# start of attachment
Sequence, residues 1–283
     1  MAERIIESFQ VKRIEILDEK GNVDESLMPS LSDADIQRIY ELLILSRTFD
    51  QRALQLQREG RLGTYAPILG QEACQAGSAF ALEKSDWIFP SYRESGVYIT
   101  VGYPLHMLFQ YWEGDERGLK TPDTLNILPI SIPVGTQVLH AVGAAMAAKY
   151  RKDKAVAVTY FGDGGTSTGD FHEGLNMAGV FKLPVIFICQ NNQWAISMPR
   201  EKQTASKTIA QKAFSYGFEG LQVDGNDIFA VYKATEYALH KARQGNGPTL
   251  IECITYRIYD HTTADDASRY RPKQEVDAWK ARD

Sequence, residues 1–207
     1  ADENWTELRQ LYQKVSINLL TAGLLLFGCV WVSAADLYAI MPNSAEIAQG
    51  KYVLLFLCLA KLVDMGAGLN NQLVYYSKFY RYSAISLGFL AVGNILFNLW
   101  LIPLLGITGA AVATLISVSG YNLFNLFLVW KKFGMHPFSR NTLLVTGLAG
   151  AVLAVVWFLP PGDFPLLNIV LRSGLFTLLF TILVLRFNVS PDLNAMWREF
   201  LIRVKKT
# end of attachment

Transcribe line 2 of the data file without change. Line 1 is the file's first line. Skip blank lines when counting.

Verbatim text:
     1  MAERIIESFQ VKRIEILDEK GNVDESLMPS LSDADIQRIY ELLILSRTFD